Cops, Who Famously Didn't Like Wearing Masks, Don't Want to Get Vaccinated Either

Illustration for article titled Cops, Who Famously Didn't Like Wearing Masks, Don't Want to Get Vaccinated Either
Photo: Dia Dipasupil (Getty Images)

Police officers are getting vaccinated at lower rates than the general population, despite being one of the first groups to be eligible for the vaccine.

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Citing data from law enforcement agencies in major cities, the Washington Post reports that vaccine hesitancy appears to be a common theme, and in some cases union leaders and other officials are loath to do anything about it.

“I hate to sound like I don’t care, but I really don’t,” Vince Champion, the Southeast regional director of the International Brotherhood Of Police Officers, a police union, told the Post. “It’s a personal decision. We fight [the virus] every day. We’re out among every disease in the world.”

In roughly half of the departments contacted by the paper—more than 40—department leadership was not even keeping track of whether officers had been vaccinated. Those that did shared data revealing concerning disparities: Just 28 percent of employees working for the Columbus Division of Police said they’d received at least one shot of the covid vaccine, according to the Post, as compared to 50 percent of the eligible population. (55 percent, as of this writing.)

Police departments and individual officers seemed to take a similar attitude toward the idea of wearing masks while on the job: Departments across the country lacked consistent rules about masks, and officers were often spotted without them (sometimes by Bella Hadid), even as they were empowered to fine civilians for not wearing their own.

Far from “fighting the virus every day,” as Champion told the Post, police officers have put more people in danger of contracting the virus by refusing to abide by public health guidances, particularly since police come into such close (undue) contact with people every day—which of course is in itself a danger, whether there’s a pandemic or not. Really, it’s the whole problem.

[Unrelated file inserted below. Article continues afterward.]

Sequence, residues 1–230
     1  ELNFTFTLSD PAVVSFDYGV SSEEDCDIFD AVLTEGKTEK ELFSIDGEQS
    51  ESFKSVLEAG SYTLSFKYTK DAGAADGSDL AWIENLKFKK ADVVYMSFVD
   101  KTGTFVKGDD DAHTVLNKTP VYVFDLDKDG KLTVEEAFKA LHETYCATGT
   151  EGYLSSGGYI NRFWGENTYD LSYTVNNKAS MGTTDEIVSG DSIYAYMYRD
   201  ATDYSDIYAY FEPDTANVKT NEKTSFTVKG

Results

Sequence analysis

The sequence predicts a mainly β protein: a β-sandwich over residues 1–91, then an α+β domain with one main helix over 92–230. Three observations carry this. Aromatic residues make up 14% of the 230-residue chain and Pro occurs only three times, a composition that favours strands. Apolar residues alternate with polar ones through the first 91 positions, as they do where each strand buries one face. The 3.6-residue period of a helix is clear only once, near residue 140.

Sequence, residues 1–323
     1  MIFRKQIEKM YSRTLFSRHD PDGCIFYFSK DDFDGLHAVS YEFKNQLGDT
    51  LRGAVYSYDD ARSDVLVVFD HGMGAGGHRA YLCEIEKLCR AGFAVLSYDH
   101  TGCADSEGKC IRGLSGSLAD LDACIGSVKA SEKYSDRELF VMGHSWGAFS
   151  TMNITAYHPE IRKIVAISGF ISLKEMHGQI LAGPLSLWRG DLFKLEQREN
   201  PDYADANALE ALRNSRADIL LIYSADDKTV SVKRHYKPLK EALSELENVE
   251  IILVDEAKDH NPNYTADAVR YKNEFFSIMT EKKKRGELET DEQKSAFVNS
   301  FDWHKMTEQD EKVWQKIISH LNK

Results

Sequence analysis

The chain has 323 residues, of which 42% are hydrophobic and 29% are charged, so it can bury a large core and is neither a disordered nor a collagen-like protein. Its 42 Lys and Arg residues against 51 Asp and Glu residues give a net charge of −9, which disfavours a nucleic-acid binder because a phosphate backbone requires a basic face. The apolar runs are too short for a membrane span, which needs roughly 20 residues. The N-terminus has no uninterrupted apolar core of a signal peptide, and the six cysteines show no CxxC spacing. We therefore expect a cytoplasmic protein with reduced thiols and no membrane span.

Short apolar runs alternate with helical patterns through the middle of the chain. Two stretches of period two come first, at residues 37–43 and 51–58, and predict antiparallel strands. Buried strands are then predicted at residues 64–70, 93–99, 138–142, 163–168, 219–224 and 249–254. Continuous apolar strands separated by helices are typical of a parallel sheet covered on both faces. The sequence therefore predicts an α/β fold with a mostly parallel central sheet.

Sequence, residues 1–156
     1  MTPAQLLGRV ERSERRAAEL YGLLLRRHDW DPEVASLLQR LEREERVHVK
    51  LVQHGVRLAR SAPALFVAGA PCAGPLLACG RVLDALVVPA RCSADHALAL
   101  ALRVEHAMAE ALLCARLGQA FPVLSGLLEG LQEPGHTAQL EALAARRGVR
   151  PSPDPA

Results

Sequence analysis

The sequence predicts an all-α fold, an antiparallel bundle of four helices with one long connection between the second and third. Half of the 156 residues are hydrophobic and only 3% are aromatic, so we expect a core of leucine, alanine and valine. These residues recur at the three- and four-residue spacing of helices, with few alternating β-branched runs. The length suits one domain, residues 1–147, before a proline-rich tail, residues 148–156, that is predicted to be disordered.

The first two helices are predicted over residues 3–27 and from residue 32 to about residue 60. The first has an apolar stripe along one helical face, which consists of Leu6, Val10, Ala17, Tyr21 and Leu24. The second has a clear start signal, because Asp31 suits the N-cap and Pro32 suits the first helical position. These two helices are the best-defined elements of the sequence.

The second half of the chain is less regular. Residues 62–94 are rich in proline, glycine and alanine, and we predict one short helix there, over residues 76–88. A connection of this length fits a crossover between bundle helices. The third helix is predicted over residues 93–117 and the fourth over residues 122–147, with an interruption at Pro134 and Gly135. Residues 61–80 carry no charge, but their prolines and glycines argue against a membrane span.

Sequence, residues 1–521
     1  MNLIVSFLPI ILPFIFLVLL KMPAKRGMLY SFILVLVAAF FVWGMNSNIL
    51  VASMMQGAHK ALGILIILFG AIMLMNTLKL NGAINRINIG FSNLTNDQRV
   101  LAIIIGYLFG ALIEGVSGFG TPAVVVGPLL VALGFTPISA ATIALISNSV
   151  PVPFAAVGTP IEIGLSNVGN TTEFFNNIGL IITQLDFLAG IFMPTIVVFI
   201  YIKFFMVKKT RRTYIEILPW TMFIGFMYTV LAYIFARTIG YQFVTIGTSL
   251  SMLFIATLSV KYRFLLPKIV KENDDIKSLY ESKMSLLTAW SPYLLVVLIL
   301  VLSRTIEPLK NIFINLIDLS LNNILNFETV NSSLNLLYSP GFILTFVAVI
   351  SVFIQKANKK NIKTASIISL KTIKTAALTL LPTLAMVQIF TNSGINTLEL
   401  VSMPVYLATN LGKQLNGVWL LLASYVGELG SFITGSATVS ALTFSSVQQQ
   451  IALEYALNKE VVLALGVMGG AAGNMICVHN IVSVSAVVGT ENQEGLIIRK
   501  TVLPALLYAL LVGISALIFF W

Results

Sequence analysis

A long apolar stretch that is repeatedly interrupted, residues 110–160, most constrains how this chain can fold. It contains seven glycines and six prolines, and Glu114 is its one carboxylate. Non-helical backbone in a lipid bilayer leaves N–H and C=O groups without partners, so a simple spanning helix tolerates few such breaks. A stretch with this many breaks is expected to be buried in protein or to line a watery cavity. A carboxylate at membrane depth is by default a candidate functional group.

Night blogger at Jezebel with writing at The Baffler, The Nation, The New Republic, Vice, and more.

DISCUSSION

reader7890
Reader7890

Why don’t we take all the people who don’t want to be vaccinated just because they don’t want to be (waivers for people allergic to an ingredient, people with advanced mast cell disease, or others who for whatever reason really truly can not be vaccinated; the ones for whom herd immunity is especially important), and find them a secluded area of the country in which they can all live and have the “flu” or “bad cold” or “imaginary disease” they believe covid to be. Any time they want to be vaccinated they can come join the rest of us. Give them Montana and Idaho and Wyoming, maybe (sorry, current vaccinated residents, though if you’re vaccinated you are probably okay if you want to stay). I’m tired of having to put up with people who are so selective in what they believe that they still believe Tangerine Voldemort when he said covid wasn’t a problem, but they don’t believe him when he said that it was a novel illness no one had immunity to that he was trying to downplay in order to be reelected.

There was an article in the Washington Post this morning in which some woman said that since he hadn’t been wrong yet she was going to still believe him. There are no words.

All of the police who are unvaccinated can go live there too; that’s part of the plan. As it descends into anarchy, they’re going to need folks with some kind of idea of what law and order means.  If they’re lucky they’ll put the good ones in charge; if not, they’ll get anarchy.